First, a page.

Gender, social network analysis and native trees: All these combine to offer hope and transformation to a rural community in the Brazilian state of Para, where slash-and-burn monoculture has left forests blackened and nutrition sparse.
The thousands of fires burning in the Brazilian Amazon got global attention this week, both in the media and online, where the hashtag #prayforamazonia earned more than 150,000 mentions in one day. But what can satellite data tell us about what is really happening in Brazil’s forests?
Salvador and São Paulo are two very different cities. But they are connected by the Atlantic Forest—Brazil's other rainforest, a crucial but compromised ecosystem that both cities are working to protect.
While the Amazon is often in the news, it is not the only rainforest in Brazil, nor the only one worth protecting. Restoring the country's Atlantic Forest could be just as important.
When it comes to landscape restoration, national and international efforts typically grab the attention. But it's important to recognize the crucial role of regional, state and local governments. What's happening in Brazil shows how national and subnational climate action can go hand in hand.
Charcoal production is destroying mountain gorillas' habitat in Virunga National Park. Pastureland is pushing into protected forests in Brazil. Satellites are watching these and other threatened forests.
Restoring forests in 4,000 targeted hectares would over time reduce sediment pollution by a third and turbidity by half in São Paulo's stressesd water system.
Any construction, especially affordable housing, that does not include efficiency standards is neglecting the needs of families in those homes. Yet inefficient housing is still all too common.
Quito, Semarang City, Vienna and São Paulo are just a few of the cities that have used data to reshape transportation policy to reduce sexual violence, improve road safety and increase access for the disabled.
Brazil's semi-arid Caatinga region is a living laboratory for climate change impacts, with record-breaking droughts from 2010 to 2016. Local farmers are using landscape restoration techniques to boost climate resilience -- and are creating jobs for women in the process.
Participatory budgeting programs can empower the poor to allocate funding to projects that will help them in their daily lives. But when these programs lack legal safeguards, changing political tides can draw funds and commitment away, undermining their effectiveness.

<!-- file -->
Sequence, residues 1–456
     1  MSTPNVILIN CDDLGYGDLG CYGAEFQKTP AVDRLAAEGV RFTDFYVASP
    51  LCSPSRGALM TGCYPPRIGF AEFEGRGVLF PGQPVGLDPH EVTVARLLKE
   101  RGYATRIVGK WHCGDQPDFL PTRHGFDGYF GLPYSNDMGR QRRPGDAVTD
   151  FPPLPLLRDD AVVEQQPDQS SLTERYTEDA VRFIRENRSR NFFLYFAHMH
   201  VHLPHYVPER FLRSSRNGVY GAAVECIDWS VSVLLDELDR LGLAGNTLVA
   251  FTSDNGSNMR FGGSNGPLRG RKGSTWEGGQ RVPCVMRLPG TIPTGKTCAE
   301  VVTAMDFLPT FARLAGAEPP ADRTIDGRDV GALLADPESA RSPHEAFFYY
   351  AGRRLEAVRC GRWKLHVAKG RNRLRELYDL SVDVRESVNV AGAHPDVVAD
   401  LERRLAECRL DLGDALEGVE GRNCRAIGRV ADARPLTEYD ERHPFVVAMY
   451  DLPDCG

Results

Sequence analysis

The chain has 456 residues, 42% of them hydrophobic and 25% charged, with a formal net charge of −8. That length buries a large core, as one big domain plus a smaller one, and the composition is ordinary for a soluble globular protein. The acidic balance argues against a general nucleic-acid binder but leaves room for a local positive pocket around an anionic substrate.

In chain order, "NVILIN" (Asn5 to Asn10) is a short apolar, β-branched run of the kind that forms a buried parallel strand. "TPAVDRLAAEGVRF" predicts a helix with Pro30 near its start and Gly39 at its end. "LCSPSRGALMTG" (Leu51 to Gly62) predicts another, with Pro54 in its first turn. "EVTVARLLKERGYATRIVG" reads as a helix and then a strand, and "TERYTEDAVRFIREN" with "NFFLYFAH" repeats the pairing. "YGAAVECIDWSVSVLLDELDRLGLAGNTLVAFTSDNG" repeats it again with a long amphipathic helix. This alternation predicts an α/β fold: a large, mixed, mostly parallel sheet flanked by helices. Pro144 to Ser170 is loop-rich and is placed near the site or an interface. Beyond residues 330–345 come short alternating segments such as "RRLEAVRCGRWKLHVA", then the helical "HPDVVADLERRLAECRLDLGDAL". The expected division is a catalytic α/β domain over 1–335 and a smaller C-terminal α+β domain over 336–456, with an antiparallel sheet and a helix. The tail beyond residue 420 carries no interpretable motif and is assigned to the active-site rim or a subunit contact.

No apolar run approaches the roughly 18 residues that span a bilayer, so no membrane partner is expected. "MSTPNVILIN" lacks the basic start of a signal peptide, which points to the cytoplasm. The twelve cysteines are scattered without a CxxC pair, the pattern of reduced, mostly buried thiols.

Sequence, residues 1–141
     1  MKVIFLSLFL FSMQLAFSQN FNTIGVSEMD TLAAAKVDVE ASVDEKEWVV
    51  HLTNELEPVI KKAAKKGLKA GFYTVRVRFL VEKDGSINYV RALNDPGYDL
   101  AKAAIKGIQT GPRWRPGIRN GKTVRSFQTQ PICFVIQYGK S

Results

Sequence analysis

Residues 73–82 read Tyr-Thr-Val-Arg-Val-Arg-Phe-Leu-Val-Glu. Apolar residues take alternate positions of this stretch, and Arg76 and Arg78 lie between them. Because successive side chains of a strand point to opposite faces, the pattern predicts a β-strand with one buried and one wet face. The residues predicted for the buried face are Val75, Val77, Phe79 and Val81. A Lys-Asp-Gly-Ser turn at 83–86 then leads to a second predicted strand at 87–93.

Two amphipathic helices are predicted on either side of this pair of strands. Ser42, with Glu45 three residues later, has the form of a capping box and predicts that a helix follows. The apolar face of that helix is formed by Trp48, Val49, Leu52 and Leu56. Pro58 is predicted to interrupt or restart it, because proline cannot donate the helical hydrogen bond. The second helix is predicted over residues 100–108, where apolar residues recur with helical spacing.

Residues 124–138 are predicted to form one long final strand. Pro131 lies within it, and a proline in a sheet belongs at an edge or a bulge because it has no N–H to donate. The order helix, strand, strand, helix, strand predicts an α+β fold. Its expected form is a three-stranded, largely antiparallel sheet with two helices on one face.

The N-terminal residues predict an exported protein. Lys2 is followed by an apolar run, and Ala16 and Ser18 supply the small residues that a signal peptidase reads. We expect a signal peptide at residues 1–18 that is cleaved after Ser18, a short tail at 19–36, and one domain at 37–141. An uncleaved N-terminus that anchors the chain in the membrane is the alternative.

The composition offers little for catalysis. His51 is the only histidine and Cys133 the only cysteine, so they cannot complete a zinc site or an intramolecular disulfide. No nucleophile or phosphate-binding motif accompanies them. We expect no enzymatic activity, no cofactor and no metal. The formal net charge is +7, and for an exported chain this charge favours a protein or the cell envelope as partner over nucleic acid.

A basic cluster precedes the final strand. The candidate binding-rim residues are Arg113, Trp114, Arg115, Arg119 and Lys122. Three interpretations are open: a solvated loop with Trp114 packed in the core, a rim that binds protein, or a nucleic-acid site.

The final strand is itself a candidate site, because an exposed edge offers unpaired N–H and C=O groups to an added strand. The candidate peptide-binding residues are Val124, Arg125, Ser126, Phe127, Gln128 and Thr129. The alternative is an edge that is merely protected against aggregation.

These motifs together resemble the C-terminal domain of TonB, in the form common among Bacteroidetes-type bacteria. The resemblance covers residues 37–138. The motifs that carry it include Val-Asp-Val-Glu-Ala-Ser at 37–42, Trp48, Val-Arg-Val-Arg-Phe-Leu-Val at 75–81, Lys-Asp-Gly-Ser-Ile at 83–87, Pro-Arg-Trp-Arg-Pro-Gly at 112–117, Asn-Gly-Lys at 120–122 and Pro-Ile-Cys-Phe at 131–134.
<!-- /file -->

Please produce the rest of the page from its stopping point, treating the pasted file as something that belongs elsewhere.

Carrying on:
China's tariff on U.S. soy could drive production to South America. Without precautions, deforestation could follow.
Brazil's forests are its historic first line of defense against water stress and water-related natural disasters, but now these forests are under pressure. Will Brazil increase investment in its natural infrastructure to defend against water crises?
Tree cover with the surface area of New Zealand was lost in 2016 after a wave of fires that signal the need for better forest management worldwide.
New data on global tree cover loss shows that Brazil experienced a major spike in tree cover loss in 2016.
Once a staple food in Amazonia and now in demand across the world, the açaí demonstrates the economic value of keeping forests standing.
As Brazilian President Michel Temer fought for his political life over the past three months, he sought support from powerful interests to keep from being impeached. His efforts paid off, but this victory for the president brought a threat to his nation’s indigenous peoples and to Brazil’s climate commitments under the Paris Agreement.
Sean DeWitt, director of the Global Restoration Initiative, and Miguel Calmon, WRI Brasil director of forests, say forest restoration means this generation can be the first to leave the planet better off than they found it.
An uptick in deforestation and other derailments have climate watchers concerned about Brazil's greenhouse gas emissions. But leadership from states, grassroots and civil society suggest the ship will be righted.
Indigenous Peoples around the world are seeking formal recognition of their land rights. But this quest often brings a troubling "Sophie's choice": in getting their land officially registered and documented, communities often lose some of their rights to use it.